The Greater Pacific War Project has its first contest. Check out this article for details. The project is giving away T-shirts, art prints, calenders, mugs, mouse pads and other stuff. Entering the contest is as simple as signing up for the forums.

The Greater Pacific War Project is an educational effort to tell the story of the Pacific Theater of World War II. It is an ongoing project with a major events being held at Nashcon in late Spring and Historicon in Summer of 2006. The website and forums will support historical miniature enthusiasts with information, scenearios, TO&E and plenty of advice on gaming in the period. The Pacific Theater was a lot more than a few bloody battles for sandy islands. The role played by many nations and the diversity of combat in the air, at sea, in amphibious operations, land operations, urban battles and so forth is very diverse. The project hopes to encourage gamers to look at this theater more closely and to remind visitors to the site of the history and sacrifices of this time period.

The project has been growing over the last 2 months with new events added to both the Nashcon and Historicon schedules. There are currently 15 volunteers and a lot of effort is being made to make the games as top notch as possible. Many thanks to HMG magazine which is giving us some of their space at Historicon to use for the project.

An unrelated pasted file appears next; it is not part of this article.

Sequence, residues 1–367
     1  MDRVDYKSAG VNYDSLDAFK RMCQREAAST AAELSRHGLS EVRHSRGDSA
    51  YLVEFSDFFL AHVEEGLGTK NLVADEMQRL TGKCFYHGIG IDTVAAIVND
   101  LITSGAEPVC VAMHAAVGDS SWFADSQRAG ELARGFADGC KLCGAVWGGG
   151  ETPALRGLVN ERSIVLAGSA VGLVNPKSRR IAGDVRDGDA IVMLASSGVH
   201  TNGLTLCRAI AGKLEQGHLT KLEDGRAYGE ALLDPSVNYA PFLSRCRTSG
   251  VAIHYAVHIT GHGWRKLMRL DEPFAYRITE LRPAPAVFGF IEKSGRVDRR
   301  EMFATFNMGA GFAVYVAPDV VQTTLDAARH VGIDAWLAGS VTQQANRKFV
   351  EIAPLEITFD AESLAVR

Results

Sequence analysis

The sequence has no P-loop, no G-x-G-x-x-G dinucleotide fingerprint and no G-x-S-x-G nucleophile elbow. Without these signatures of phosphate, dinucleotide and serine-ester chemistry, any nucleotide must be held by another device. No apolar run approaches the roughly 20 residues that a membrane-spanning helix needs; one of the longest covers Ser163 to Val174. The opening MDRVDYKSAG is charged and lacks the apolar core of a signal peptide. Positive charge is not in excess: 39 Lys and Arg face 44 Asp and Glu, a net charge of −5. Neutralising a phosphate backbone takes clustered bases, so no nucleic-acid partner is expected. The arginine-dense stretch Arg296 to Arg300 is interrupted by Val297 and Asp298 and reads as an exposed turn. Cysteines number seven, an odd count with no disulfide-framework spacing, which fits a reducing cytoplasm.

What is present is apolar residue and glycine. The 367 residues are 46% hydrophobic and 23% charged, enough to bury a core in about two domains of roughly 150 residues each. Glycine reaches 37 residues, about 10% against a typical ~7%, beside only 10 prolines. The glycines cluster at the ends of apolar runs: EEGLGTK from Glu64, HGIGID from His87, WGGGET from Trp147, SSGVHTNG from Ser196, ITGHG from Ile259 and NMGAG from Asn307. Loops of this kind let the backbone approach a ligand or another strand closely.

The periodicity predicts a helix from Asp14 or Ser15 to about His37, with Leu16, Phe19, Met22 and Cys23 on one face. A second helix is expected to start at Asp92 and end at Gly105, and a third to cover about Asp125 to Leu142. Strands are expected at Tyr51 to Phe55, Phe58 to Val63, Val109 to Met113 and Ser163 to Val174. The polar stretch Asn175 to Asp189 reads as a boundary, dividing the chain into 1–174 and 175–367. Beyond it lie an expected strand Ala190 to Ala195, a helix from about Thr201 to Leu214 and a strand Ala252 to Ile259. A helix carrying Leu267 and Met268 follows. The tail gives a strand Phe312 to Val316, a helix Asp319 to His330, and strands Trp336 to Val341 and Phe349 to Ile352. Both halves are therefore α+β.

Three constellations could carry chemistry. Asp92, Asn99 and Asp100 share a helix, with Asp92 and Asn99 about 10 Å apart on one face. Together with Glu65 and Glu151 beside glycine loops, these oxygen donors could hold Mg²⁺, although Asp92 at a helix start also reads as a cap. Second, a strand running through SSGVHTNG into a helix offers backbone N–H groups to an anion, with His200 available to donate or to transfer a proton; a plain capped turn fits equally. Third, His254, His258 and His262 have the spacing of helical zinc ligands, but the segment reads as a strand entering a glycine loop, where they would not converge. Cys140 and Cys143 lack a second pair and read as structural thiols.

For more details check out the project’s website.

Drive On

This is an Ode to Pete English. He has found that he occasionally gets words mixed up between real life and gaming. Things like Morale and Morals. You know, little stuff! He asked for help but I am here to tell him it isn’t anything to worry about. When you are a gamer like he has been for 25 years its expected that you pick up a few idiosyncrasies.

Now, I will tell you that this song is not politically correct and adapted from Johnny Cash’s amazing song “Drive On.” If you know us then you’ll get the inside jokes. If you don’t, well, don’t worry. Just shake your head and drive on.

Drive On (modified)
28mm, Modern Day

I got a friend named Whiskey Don
He was my bud every year at Historicon
He said “is my country just a little off track?”
Took ’em two elections to welcome me back
But, it’s better than not coming back at all
Many a right winger
I saw fall
And even now,
every time I dream
I hear the broads and the liberals in the PO scream…

Drive on, don’t mean nothin’
My children love me , but they don’t understand
And I got a woman who knows her man
Drive on, don’t mean nothin’, drive on

I remember one night,
Re-Pete and me Rappelled in on a hot L.Z.
We had our 16’s on rock and roll
But, with all that fire,
we was scared and cold
We were crazy, we were wild
And I have seen the tiger smile
I insulted one who thought all were nice
And I’d be dead, but by Hot Dice

Drive on, don’t mean nothin’
My children love me, but they don’t understand
And I got a woman who knows her man
Drive on, don’t mean nothin’, drive on

It was a real slow game, an awful baliwick
And nobody tried to be Frank Chadwick
I came home, but Tex did not
And I can’t talk about the dice he got